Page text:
• @Alex M..A refreshingly insightful and piece Alex,thank you for your honesty.

  • david thorpe 12th Aug '10 - 6:37pm

    to be honest the employment data and the fact that inflationary pressures are being felt in the economy indicate that the strategy may be having a more positive effect than people realise

  • Andrea Gill 12th Aug '10 - 6:38pm

    @Alex M “My piece is largely the suggestion that it might be a good idea to return to that approach. ”

    I do broadly agree there, and am a bit worried that the coalition isn’t making more of a point of the fact that at least according to OBR figures, their strategy preserves more public sector jobs in the first few years than Labour’s budget would have (due to pay freezes).

    This is a perfect mechanism for adjusting the budget and cuts in response, should the public sector not have recovered sufficiently by then. Now, especially Clegg has emphasised after the emergency budget that, of course, there will be further budgets each year and thus there are further measures that can be taken (such as upping the tax threshold further etc) , but I would love to see Cable and Osborne point this out at some point, because if they signal this NOW, then Labour will not be able to point fingers and accuse them of more U-Turns later on.

  • Andrea Gill 12th Aug '10 - 6:40pm

    D’uh, I of course meant “should the PRIVATE sector not have recovered…”

  • @Mike

    From the article you posted, to prove that LD opposed cuts in all circumstances, did you even read it? I will quote the part on Timing for you below.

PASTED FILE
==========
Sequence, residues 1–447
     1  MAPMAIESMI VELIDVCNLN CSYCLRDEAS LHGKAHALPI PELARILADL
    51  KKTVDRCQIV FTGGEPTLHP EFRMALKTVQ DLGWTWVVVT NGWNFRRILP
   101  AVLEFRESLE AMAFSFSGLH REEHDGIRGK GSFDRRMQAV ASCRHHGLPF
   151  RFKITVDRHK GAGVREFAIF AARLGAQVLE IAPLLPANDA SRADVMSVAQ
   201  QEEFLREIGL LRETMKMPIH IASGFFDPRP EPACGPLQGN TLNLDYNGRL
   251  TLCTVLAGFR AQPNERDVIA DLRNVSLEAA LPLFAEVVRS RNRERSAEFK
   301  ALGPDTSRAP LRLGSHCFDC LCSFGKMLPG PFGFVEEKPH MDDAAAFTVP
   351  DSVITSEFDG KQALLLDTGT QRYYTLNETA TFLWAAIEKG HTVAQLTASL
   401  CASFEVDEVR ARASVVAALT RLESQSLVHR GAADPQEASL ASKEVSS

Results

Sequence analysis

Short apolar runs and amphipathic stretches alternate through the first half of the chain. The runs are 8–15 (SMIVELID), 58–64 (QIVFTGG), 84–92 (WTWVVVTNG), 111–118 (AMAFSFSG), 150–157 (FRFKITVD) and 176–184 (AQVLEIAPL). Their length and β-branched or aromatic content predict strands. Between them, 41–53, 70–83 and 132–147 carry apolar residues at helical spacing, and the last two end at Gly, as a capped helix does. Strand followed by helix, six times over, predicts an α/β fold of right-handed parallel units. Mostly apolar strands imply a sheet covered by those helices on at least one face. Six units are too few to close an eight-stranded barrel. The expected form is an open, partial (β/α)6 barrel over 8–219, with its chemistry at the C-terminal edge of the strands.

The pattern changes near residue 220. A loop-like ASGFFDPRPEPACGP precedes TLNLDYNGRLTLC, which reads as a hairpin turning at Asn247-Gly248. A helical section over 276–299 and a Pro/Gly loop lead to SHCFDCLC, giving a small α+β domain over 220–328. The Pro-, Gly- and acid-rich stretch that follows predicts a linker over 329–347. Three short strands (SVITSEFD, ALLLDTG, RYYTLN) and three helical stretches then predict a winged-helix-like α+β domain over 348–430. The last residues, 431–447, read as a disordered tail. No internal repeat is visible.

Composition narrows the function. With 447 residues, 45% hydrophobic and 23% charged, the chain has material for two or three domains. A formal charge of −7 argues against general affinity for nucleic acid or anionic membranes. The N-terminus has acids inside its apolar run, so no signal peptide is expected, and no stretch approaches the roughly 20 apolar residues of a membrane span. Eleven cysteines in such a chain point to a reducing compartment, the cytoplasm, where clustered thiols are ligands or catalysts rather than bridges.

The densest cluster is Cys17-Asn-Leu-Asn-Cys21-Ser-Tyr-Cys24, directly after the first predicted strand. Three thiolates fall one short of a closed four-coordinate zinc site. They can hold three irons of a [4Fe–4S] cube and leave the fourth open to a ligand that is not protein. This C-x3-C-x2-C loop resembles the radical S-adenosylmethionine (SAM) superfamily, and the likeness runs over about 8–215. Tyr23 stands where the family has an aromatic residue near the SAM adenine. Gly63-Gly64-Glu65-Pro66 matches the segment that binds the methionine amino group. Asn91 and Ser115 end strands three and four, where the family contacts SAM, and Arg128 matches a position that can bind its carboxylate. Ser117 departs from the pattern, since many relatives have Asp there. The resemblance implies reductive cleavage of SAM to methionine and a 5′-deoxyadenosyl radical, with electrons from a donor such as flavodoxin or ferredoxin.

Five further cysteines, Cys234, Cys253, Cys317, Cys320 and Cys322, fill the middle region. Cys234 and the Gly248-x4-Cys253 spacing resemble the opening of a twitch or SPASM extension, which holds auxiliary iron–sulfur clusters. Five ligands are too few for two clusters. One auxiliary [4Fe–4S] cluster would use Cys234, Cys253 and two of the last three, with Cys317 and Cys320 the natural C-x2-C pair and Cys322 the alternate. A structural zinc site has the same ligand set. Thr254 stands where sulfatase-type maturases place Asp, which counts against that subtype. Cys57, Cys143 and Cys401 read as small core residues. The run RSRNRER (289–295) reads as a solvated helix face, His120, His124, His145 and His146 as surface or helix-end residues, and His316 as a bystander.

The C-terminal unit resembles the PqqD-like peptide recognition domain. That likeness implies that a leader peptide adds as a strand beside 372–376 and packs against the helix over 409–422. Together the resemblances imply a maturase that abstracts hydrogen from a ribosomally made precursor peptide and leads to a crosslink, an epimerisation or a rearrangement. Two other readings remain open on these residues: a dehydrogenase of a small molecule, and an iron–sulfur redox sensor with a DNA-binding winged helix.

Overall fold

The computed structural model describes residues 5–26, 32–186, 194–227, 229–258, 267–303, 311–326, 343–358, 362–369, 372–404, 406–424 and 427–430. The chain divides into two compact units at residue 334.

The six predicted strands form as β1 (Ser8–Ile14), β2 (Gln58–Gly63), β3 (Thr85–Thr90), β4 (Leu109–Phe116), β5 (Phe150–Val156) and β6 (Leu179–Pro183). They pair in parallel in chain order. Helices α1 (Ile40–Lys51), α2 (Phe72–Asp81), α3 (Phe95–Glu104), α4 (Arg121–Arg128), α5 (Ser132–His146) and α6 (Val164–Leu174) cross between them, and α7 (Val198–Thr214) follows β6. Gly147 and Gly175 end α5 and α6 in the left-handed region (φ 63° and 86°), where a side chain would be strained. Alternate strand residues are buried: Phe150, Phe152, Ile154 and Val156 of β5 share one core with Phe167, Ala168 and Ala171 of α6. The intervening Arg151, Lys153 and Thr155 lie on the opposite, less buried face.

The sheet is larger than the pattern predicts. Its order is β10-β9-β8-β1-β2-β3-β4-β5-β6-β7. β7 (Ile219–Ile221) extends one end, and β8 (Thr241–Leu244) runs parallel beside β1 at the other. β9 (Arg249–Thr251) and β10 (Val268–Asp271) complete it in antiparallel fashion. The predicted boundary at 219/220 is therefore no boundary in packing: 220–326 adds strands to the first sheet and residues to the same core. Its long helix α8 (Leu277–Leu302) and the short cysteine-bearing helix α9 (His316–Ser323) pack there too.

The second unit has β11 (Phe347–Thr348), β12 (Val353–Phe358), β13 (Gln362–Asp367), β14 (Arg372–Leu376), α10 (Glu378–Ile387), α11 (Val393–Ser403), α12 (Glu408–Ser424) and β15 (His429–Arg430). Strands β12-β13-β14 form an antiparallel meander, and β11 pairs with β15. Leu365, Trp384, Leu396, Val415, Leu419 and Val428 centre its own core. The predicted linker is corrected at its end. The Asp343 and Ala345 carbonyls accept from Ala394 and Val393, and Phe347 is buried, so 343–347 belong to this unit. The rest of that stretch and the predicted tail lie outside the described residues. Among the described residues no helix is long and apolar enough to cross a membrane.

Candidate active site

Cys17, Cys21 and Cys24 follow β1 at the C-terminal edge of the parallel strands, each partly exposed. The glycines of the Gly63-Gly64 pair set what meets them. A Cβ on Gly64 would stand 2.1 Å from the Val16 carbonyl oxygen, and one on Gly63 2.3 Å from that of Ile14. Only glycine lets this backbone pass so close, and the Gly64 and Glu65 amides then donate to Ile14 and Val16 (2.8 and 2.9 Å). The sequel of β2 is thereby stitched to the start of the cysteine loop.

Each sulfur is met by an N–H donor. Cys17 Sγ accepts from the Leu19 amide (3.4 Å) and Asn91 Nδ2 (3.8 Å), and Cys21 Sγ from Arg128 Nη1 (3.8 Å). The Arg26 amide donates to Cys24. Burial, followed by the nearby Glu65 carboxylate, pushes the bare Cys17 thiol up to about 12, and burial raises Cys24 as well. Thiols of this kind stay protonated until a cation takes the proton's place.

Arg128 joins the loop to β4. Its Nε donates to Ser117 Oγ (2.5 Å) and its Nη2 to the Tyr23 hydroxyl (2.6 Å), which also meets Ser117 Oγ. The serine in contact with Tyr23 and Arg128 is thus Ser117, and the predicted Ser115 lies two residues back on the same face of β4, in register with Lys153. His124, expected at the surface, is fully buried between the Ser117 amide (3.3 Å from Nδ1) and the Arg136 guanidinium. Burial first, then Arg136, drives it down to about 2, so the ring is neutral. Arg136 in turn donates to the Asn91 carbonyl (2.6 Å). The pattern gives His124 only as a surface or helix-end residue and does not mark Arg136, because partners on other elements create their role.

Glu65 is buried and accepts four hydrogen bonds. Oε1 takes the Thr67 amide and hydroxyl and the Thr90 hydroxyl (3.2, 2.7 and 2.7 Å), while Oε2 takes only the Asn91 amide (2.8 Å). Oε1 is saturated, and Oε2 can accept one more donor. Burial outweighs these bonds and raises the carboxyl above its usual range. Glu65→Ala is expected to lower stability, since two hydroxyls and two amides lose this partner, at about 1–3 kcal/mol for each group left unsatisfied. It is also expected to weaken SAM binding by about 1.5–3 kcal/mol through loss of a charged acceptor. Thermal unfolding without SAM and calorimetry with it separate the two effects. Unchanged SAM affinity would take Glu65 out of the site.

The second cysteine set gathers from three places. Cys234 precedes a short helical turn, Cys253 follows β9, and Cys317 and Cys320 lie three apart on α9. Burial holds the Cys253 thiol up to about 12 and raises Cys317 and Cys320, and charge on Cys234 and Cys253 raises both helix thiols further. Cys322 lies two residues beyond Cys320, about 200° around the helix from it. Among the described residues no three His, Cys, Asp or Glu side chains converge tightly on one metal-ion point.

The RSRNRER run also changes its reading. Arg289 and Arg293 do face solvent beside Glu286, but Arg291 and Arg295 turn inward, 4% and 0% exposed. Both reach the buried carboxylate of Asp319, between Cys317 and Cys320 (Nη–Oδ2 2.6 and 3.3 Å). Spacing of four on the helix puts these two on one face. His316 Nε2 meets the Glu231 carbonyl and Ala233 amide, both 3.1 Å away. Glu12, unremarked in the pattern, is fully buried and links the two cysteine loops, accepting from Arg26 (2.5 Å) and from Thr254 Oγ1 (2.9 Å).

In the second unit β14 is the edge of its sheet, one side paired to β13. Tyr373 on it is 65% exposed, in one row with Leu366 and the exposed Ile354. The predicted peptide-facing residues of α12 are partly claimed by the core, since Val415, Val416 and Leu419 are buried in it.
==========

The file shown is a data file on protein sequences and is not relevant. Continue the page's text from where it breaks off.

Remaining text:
“That is why Vince Cable and I have set out five objective economic conditions that we will assess when judging when public spending should begin to be cut.
    These are: the rate of growth; the level of unemployment; credit conditions; the extent of spare capacity in the economy and the cost of Government borrowing.
    Our working assumption is that the conditions will be right for cuts from 2011-12, but not before.”

  • Paul McKeown 12th Aug '10 - 7:02pm

    @MacK

    I hadn’t forgotten. Who was it gave him the award again, Bono and Kissinger? What organisation was it again? Some mad award handed over by some bunch of deluded celebrity nitwits. Hardly the Nobel Prize for Economics, was it? As I recall it had everyone from Guardian journalists to BBC comedians guffawing with laughter in the autumn of last year.

    Thanks for reminding me, it made my day.

  • Anthony Aloysius St 12th Aug '10 - 7:47pm

    Andrew

    “If that actually happens then you might have a point. If it doesn’t happen then you’re just noise.”

    No – the point I made is a valid one, however things turn out.

    Read the comment I was responding to, then read my comment, then think about it, and I’m sure you’ll get it.

  • Anthony Aloysius St 12th Aug '10 - 7:49pm

    “just about the most fatuous comment I’ve read here for a very long time!”

    That’s a bit unfair.

    I’m not sure it’s even the most fatuous comment Andrew has made today.

  • @ Paul McKeown

    I always try to make somebody’s day –which is why I keep posting on this excellent site.